The film contains a variety of unique quotes from movies and singing activities. The production was made possible by the contribution of Nordic public service broadcasters DR, NRK, SVT, YLE/FST & RUV. Digital release is prepared and published by Vax Records and Ebbe Preisler Production in cooperation with The Centre for Swedish Folk Music and Jazz Research and with financial support from the Barbro Osher Pro Suecia Foundation.
A portrait documentary by Lasse Zackrisson. 80 min. Swedish dialogue. NTSC.
Subtitles: English, German, French, Spanish, Italian, Japanese, Danish, Finnish and Norwegian.
The film has consistently received excellent reviews: An in-depth film about Ellington's favourite. Dagens Nyheter, Sweden
BONUS A complete discography of all Alice Babs recordings 1939-2002
“Alice Babs – Swing it”
Vax Records DVD 1011
Price 24 Euro incl. postage in Europe
Price 34 USD incl. postage to US and the rest of the world
Payment via www.paypal.com
Order the DVD and CDs directly from
Vax Records - Rĺdhusgatan 14 - SE-185 31 Vaxholm - Sweden - www.vaxrecords.nu - firstname.lastname@example.org
Many of us have met Alice Babs at one or more of the Duke Ellington Conferences. In 1985 she came for the first time, invited by Eddie Lambert, under the strict condition that she should not be begged to sing. Starting at that conference she has sung at every one she has attended. For us, who know her as one of us, as a dear friend without the slightest tendency to play to her stardom, it is a real revelation to see how terrifically famous she was in the Scandinavian countries and even in the U.S.A. It explains why it was not a miracle that she could completely fill the Konserhuset in Stockholm at the first Swedish Ellington Conference in May 1994. Her participation on the second Swedish Conference in May 2004 made that conference also a huge success.
This is a beautiful document and the accompanying CD gives us a complete discography in colour. It is obvious that this was done with the greatest respect and love for Alice, feelings that we share with Lasse Zackrisson, the producer of this marvelous documentary.
AB Fable ABCD1-024
Stuff Smith and his Lucidin Orchestra
My dear friend Anthony Barnett has sent me his latest production in the series "AB Fable Violin Improvisation Studies". It features several musicians, well-known in our Ellington circles: Ella Fitzgerald, Sandy Williams, Edgar Sampson and Ben Webster. It contains previously unreleased broadcasts from Jan37 and probably Feb73. This is again an extremely well presented release. "Lucidin" was a new eye lotion, according to the speaker in the programme, good "for dust, overwork and the morning after".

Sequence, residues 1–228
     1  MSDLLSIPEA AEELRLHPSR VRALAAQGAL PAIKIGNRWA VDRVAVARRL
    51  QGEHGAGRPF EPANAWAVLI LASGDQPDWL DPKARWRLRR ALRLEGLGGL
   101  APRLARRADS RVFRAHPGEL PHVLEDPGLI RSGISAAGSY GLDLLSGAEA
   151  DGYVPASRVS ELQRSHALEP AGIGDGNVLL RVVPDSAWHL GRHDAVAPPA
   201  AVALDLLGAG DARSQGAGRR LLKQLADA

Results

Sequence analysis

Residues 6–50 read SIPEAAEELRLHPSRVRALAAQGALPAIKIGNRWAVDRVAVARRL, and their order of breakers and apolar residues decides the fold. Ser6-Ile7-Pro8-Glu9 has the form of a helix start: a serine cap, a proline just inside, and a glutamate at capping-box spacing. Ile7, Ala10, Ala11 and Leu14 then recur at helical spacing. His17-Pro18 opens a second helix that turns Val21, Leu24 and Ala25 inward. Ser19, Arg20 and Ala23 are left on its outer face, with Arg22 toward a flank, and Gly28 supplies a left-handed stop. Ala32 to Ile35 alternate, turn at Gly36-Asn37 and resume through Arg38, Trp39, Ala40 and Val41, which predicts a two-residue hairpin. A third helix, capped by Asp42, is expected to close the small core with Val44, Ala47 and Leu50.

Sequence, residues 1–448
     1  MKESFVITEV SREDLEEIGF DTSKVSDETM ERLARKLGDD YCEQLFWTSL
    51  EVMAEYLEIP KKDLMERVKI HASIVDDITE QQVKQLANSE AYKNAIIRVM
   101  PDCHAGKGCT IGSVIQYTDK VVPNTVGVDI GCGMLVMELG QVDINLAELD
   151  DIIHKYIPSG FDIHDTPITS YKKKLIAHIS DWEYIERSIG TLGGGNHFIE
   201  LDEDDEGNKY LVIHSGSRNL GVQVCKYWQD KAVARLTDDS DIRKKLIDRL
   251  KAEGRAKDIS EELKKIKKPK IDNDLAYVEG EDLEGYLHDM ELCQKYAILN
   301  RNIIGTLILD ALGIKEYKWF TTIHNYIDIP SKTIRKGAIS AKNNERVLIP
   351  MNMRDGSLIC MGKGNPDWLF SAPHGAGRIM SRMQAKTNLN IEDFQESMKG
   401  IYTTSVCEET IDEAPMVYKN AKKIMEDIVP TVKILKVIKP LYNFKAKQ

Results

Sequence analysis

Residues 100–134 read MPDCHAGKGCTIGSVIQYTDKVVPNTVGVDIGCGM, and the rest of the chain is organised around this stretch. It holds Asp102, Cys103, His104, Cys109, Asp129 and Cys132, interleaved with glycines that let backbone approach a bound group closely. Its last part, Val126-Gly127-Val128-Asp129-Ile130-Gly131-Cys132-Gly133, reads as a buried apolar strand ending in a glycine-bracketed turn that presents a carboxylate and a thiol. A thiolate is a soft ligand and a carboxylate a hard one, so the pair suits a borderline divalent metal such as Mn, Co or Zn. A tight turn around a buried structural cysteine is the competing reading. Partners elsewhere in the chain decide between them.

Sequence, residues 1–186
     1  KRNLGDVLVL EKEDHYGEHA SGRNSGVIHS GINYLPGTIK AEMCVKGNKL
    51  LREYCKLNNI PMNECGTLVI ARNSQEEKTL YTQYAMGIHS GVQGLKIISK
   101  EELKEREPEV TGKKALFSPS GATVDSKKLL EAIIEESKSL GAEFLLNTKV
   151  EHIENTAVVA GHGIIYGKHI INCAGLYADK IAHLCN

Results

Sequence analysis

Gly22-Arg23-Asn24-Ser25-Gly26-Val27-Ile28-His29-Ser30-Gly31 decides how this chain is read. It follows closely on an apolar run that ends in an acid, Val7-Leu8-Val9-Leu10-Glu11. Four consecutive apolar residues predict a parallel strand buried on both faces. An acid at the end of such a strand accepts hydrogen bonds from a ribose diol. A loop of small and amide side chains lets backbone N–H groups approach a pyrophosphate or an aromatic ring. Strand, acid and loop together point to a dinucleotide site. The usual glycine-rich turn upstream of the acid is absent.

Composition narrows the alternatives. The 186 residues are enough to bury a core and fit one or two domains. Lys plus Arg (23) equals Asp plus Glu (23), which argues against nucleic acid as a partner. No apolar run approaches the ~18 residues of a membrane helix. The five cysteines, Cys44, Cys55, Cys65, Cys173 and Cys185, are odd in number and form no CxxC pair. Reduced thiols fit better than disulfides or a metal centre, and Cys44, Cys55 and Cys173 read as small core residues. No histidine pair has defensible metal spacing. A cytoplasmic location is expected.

The sound quality is mostly surprisingly good. The
music is just fine and brings back memories of the pre (second) war years. The
signature tune of the Lucidin Orchestra is heavily influenced by Duke
Ellington. This is a must for Ben Webster collectors. I haven't found any of
these broadcasts in the Ben Webster discography by Langhorn & Sjřgren, but
they were mentioned in Heinz Baumeister's Sessionography (DEMS 06/2-33 and
The title of track 22 is misspelled on page 3 of the booklet; on page 8 it is correct.
According to Anthony Barnett the beginning of the 22Jan37 broadcast is missing. Since it is also missing in Ken Vail's "Swing Era Scrapbook: The Teenage Diaries & Radio Logs of Bob Inman 1936-1938", Anthony suggests that it could have been occupied by commercials, since this broadcast is the first following the availability of Lucidin eye lotion in stores (on Thursday, 21Jan37).
I have played the CD several times, during which time I was reading the nice little booklet with my magnifying glass. I enjoyed the music very much. It was interesting to hear how in the broadcasts the anticipation was being built up for the introduction of the Lucidin eye lotion. It was not yet available but everybody should be looking forward to its introduction on 21Jan37. Likewise this CD has not yet hit the market. It will be released on 1May10.
I can recommend this very nice CD to everybody who is interested in good music from long ago. It certainly belongs in every collection of Ben Webster recordings.
By the way, this is a "full" CD: 76:18!!
Longhorn Music LHM2010003 ⓒ1000
Duke Ellington's Queenie Pie